Student runs online nutrition, fitness consulting company
Published: Tuesday, February 12, 2013
Updated: Tuesday, February 12, 2013 02:02
A typical day for junior Jordan Syatt involves online consultation with his many clients, helping with the university powerlifting team, working out to maintain his physique, updating his own business and studying for his health behavior classes.
Syatt, 21, runs an online personal training company called Syatt Fitness and majors in health behavior sciences with a minor in strength and conditioning. He takes on clients for a 12-week period and helps them reach their individual personal fitness goals, he says.
Clients find him online and send an email or video discussing their fitness goals, he says. He sends them a questionnaire and creates an individual profile and three-month training program based on all the information. Although he ends up doing more business work than school work, Syatt says they go hand in hand.
“The cool thing about my business is it fits in with my major, health behavior sciences, and I minor in strength and conditioning,” Syatt says. “Many of the things I do actually help me out in my classes.”
While in high school in Massachusetts, he first became interested in training and would advice of this nature for a small fee, he says. Now he advises friends in his dorm as well as his clients through his company. Syatt says he was always athletic and first learned how to cut weight while still maintaining strength on as a starter on his high school varsity wrestling team.
This experience, as well as his jobs and internships in local gyms, helped give Syatt the knowledge and finance he needed on his path towards his own personal fitness company, he says.
Syatt started his business when he was 19. Since then, he has published two e-books on nutrition and fitness and co-founded and writes the training program for the university powerlifting team.
The excellent coaching he received when he was younger influenced his decision to start his business, he says, and the bottom line is all about helping others achieve their goals.
“I was always told to pay it forward, so having a website and articles that help people out and dispel common myths seems like the right thing to do,” Syatt says.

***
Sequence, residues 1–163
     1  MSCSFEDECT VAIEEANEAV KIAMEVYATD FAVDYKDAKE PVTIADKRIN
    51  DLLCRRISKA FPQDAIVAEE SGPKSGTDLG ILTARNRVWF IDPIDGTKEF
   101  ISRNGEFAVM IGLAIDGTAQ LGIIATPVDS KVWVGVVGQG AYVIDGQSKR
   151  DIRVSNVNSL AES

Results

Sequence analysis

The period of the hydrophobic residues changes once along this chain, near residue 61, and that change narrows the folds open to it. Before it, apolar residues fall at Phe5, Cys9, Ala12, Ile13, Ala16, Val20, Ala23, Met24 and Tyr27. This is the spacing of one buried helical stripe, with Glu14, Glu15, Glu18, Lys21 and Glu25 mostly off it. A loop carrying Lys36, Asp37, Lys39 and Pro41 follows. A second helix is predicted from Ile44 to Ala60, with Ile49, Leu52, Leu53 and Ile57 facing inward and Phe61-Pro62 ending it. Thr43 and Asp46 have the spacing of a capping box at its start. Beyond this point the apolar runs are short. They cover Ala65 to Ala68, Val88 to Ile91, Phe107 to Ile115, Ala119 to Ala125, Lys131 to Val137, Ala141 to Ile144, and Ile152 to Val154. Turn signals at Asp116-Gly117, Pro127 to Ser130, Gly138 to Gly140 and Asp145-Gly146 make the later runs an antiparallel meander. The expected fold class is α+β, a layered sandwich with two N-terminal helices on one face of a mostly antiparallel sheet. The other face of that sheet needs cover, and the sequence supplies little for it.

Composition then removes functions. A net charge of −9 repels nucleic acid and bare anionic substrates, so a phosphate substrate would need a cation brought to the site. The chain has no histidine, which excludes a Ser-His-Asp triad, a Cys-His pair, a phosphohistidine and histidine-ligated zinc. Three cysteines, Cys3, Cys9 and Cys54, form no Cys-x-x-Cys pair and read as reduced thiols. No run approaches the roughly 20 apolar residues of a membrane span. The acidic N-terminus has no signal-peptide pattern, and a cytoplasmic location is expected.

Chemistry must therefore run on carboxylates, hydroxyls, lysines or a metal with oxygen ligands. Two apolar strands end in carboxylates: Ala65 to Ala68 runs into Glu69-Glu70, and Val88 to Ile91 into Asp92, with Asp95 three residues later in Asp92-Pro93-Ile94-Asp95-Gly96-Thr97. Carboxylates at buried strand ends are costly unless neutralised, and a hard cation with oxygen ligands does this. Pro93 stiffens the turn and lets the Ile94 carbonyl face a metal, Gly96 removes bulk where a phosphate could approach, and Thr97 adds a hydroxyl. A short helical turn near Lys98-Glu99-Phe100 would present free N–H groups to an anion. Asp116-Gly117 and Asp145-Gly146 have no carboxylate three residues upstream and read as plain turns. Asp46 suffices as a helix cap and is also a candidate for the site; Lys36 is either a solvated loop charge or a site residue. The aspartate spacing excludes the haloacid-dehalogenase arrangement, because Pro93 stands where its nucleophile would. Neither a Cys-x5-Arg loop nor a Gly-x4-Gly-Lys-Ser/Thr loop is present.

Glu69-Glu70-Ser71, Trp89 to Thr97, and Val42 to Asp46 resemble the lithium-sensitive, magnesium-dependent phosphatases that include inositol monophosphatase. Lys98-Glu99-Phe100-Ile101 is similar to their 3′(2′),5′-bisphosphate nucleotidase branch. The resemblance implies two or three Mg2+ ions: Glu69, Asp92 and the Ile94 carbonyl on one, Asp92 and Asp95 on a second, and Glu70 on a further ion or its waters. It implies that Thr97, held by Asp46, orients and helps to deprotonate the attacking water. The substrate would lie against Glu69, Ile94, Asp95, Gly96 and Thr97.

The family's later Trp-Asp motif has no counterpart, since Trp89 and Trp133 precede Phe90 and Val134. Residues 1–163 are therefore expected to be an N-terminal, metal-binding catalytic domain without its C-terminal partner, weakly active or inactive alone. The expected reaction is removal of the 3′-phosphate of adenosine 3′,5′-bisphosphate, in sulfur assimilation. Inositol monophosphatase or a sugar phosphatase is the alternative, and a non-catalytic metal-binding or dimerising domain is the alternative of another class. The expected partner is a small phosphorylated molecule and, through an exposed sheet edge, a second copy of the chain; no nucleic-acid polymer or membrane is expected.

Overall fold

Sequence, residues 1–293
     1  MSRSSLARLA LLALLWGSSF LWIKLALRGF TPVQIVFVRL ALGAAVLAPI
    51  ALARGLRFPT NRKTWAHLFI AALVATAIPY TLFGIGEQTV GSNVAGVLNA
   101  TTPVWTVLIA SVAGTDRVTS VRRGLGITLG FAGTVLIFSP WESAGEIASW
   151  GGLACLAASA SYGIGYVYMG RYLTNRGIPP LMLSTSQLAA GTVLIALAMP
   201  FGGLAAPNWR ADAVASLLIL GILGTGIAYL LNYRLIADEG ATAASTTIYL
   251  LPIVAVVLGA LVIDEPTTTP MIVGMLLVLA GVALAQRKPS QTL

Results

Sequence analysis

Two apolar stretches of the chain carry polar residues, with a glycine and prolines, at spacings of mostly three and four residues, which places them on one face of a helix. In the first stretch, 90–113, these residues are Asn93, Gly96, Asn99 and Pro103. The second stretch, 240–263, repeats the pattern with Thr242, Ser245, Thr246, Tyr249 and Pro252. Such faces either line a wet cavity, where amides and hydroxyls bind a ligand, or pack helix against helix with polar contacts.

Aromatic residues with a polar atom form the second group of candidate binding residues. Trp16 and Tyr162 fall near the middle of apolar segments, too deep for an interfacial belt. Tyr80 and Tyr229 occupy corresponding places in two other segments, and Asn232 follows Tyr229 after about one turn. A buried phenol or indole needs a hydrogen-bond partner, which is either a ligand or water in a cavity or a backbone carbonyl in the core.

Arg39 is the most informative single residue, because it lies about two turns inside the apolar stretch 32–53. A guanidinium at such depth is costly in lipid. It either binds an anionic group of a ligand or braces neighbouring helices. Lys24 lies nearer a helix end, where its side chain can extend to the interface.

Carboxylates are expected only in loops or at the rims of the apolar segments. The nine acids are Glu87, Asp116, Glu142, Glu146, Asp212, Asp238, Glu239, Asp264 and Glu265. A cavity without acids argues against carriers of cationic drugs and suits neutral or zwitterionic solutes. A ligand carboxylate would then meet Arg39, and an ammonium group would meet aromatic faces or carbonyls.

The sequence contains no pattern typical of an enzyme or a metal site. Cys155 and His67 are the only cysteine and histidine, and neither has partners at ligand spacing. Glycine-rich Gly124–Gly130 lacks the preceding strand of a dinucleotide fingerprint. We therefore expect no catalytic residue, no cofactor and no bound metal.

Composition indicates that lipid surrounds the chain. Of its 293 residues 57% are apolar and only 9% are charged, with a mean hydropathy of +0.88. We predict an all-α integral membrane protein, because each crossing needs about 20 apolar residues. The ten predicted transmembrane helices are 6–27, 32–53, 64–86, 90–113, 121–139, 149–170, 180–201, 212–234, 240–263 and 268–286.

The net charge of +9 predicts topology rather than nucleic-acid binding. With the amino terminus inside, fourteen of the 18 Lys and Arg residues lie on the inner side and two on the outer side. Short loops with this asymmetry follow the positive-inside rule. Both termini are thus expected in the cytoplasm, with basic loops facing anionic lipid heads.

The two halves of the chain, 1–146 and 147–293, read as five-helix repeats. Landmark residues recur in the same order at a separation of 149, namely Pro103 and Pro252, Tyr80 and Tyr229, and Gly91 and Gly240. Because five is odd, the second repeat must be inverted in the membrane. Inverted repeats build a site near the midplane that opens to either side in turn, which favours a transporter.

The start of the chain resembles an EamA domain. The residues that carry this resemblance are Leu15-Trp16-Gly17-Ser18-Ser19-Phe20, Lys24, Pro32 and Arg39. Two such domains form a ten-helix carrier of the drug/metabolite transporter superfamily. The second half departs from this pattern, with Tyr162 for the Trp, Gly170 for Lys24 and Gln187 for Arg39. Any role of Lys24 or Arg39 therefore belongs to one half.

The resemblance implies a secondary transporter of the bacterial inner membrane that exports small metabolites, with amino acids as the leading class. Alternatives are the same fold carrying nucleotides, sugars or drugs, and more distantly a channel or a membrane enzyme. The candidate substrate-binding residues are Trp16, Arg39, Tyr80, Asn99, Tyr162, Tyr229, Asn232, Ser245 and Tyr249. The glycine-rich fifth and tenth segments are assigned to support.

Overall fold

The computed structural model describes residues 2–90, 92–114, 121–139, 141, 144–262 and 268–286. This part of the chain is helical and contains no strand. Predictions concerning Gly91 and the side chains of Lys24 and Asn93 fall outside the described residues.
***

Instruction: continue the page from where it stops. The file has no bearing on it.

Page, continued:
Joe Anderson, 21, attended the same high school as Syatt but heard of his program through reviews on Facebook. A client for almost two years, Anderson says that Syatt’s young age is not a concern because he receives the support he wants out of a training program.
After the first 12-week program, Anderson achieved his desired results, he says. A student at the University of South Carolina, Anderson says Syatt’s online consulting fits into his schedule perfectly. Syatt calls every week to see how he is doing and asks about workouts, nutrition and bad habits all through the phone or Skype. Anderson is in the middle of another three-month program and says the personalized experience is what keeps him coming back.
“With gyms, I just kind of go,” says Anderson. “Syatt picks out the level of intensity per client, and he knew that with me, he would have to stay on me every day. With him, I’ve definitely improved 100 percent.”
Syatt favors maintaining a healthy lifestyle that should not get in the way of living a full life, he says. He likes nutrition and strength-training-based programs, and says people should find their own program preference and see themselves following this likable routine for a long time.
Kimberly Smith, a junior dietetics major, says although she personally would not consider getting a personal trainer, she can see why there would be an appeal for others. She says she has never heard of a personal trainer working online before but thinks that although the method is different, it can still yield results as long as long as the trainer sticks with his clients.
“I think that an online trainer can be as effective as one in person,” Smith says. “Especially in a college setting, where a student wouldn’t really have time to sit and consult in someone’s office.”
Joe Ratteni helped found the university powerlifting club with Syatt two years ago and says his commitment and energy have helped push the team to success. Ratteni, who placed first in his own weight competition in November 2012, says Syatt is a great leader and coach who can answer any question that the team has with regards to nutrition or a particular lift.
According to Syatt, though, it’s not hard finding the time if he’s doing what he loves to do. He says he hopes to continue his work and eventually move back to Israel, where he volunteered and traveled for a year before college, which he identifies as the best year of his life.
“I love it, I love what I do, love working with clients and helping them out and seeing their results,” Syatt says. “I love traveling, having my business on my computer, and would love to be sitting in Israel and doing what I love to do, helping people from my computer.”